How to Be Waste Aware This Holiday Season

How to be waste aware this holiday season

Good morning!

Today, I want to write a little bit about my endeavor to reduce the refuse leaving my condo in the form of food waste, plastic, glass, and just general trash. I began my quest to reduce my own wastefulness beginning with food in 2015 and more recently with general refuse in August 2016.

Taking out the trash is probably my least favorite household chore, even though my trash receptacle is literally 50 feet from my doorstep. I’m spoiled, I know. But it still stinks when it’s negative 30 out, brutal Michigan winter- I’m looking at you. The most exciting thing in my quest to reduce refuse is that I went from taking out the trash 1-2 times a week to taking it out maybe… once a month or every other month? Honestly, I don’t know how long it would take me now to fill up a standard 13-gallon trash bag, which is what I used before. It would probably take at least 2 months to fill with what’s leftover after recycling and composting. These days I reuse plastic grocery bags for my trash can needs (most of the time I use reusable grocery bags, but when I need some to use for trash, I get the plastic bags).

How to get started

Fortunately, I live in Ann Arbor, where our ecofriendly culture makes it ridiculously easy to recycle and compost. I mean super easy, guys. It’s $25 a YEAR to get a compost bin. The link provided also describes what is/is not compostable. This runs from April 4 to December 2 (Yikes that’s tomorrow, hope I didn’t miss the last pickup!). I haven’t yet looked into what to do in the winter, but I’ll update this when I figure it out. Confession: My condo association won’t let me have a compost bin for fear of critters (legit) so I walk the extra 25 feet to the neighboring apartment complex’s bin. Apparently critters 25 feet away isn’t grounds enough for getting our own. If you ever find me in the “wanted” section, it’ll be because I’m a Gangsta Gardener. For recycling, most (if not all) Ann Arbor residences have access to a recycling bin. My parents live in the country and consequently don’t have access to this curbside service, so they take their recyclables to a Recycling Center. Slightly more effort, but worth it!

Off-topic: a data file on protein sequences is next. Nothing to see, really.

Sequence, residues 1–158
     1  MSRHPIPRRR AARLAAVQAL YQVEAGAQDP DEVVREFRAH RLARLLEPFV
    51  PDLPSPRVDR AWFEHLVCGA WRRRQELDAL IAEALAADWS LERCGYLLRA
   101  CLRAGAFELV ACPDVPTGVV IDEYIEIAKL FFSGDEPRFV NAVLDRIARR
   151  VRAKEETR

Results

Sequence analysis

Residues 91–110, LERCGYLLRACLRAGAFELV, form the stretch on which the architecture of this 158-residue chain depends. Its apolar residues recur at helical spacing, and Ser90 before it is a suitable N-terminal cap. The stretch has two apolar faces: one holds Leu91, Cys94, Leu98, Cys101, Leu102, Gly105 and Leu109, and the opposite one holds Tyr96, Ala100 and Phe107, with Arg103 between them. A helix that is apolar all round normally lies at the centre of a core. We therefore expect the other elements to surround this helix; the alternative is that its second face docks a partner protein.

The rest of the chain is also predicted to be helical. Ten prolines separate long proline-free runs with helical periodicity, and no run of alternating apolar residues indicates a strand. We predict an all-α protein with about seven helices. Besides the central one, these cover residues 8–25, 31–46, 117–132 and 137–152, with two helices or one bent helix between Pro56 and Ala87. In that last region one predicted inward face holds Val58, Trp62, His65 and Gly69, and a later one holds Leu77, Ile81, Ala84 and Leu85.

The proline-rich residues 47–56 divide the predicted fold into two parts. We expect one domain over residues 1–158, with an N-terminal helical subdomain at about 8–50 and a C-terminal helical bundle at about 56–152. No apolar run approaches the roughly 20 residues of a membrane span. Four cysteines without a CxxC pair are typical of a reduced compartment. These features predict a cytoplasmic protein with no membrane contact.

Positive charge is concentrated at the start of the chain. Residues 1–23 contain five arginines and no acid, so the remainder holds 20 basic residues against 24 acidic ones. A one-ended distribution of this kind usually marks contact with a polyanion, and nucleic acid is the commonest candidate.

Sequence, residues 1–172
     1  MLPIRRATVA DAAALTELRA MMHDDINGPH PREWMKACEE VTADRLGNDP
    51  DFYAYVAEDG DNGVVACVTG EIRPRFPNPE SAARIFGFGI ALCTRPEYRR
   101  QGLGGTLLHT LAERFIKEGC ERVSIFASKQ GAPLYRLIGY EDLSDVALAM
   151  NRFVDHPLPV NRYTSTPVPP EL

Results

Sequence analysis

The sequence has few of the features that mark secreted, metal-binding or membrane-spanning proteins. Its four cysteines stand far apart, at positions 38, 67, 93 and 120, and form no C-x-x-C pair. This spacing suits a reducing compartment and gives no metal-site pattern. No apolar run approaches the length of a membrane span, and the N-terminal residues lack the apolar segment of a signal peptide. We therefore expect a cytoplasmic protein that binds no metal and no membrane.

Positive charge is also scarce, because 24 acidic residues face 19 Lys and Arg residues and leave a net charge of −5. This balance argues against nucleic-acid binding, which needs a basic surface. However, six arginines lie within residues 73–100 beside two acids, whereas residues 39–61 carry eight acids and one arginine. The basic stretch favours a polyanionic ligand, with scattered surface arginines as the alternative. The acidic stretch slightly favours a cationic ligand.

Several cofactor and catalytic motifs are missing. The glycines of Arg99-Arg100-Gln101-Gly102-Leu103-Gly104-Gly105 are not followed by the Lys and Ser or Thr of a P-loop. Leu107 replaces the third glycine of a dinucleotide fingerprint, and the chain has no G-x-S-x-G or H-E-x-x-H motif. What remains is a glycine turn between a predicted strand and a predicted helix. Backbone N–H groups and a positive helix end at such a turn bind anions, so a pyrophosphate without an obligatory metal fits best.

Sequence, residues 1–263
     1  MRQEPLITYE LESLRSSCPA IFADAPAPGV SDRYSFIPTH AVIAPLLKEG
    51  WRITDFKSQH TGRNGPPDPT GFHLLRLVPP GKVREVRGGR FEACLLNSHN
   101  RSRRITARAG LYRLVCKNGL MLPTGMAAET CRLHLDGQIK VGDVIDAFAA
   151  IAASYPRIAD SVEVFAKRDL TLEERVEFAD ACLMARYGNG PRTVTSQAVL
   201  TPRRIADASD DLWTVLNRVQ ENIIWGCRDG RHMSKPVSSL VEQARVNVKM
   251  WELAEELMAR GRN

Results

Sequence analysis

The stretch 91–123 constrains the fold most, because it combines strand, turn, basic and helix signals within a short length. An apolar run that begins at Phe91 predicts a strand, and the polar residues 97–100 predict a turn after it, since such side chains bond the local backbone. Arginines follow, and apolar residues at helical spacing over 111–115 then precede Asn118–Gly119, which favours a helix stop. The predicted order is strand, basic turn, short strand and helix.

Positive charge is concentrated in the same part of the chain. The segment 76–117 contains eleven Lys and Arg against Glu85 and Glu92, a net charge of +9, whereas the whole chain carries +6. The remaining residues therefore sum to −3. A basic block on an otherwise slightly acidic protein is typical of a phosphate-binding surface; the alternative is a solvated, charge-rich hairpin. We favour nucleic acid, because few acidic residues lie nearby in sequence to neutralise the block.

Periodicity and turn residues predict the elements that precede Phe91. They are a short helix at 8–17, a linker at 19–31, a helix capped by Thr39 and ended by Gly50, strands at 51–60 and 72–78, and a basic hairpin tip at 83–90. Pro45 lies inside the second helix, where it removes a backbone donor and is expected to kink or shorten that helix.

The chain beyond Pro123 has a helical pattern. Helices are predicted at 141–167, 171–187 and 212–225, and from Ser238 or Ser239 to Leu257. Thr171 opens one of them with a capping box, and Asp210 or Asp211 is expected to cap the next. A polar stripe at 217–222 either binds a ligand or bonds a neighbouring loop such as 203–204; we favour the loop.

A super easy way to compost

I have two gallon-size ziplock bags I keep in the freezer to avoid the compost smell. I dump all food scraps, coffee filters, and tea bags into it and empty it into the compost bin when it’s full. I have found this is super motivating to use all my food each week, because I’m putting in the effort to actually take care of food I let go bad.

So how can you be waste aware this holiday season?

  • Reduce, Reuse, & Recycle this Holiday: Reducing your impact on the environment while saving money this season only takes a few changes to habits.
  • Non-Material Gifts: Give experiential gifts like vacations or services, like gift certificates for massages & spa treatments.
  • Give Handmade Gifts: Use reused and recycled materials whenever possible.
  • Shop & Buy Local: It helps to support your local economy. Shopping local and buying locally made items also benefits the environment in that it uses fewer resources and creates less pollution.
  • Reduce Food Waste: Shop wisely and plan ahead; buying only what you need in order to minimize food waste.
  • Reuse Gift Bags & Wrapping: And, try not to overly package gifts.
  • Look for Recycled Materials: Buy cards, paper, and gifts made from recycled materials.

My own additions:

  • Consider Buying Less Packaged Products: Buy more raw foods that don’t require recycling the package afterwards. Bonus side effect: You’ll eat healthier!
  • Batch Your Errands: I’ll be the first to admit, I drive a ton more gearing up for the holidays. I always seem to forget something and have to drive back to the store two days in a row. Plan out your errands, caffeinate, and get it all done at once to reduce your automobile emissions. Bonus if you can ride your bike! Double bonus: if you ride your bike, you’ll get extra exercise in and can therefore eat more Christmas cookies. What. Up.

For a pretty printable (or paperless PDF!) and other ideas, download the Winter Holiday Reuse & Recycle Guide Here!

By reducing our waste and our personal impacts on the earth, we create more space for intentionality and give life to the things that are truly important. May your holiday season be a season of abundance: an abundance of family, friends, laughter, generosity, love, hope and joy.

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  1. No matter how you choose get involved—whether it’s by just limiting your excessive food waste, sending a few dollars to a local shelter, giving up half your Saturday to work at a soup kitchen, or helping a food rescue organization—you are making an immediate and measurable impact.


  1. […] Learn to compost and reduce waste […]

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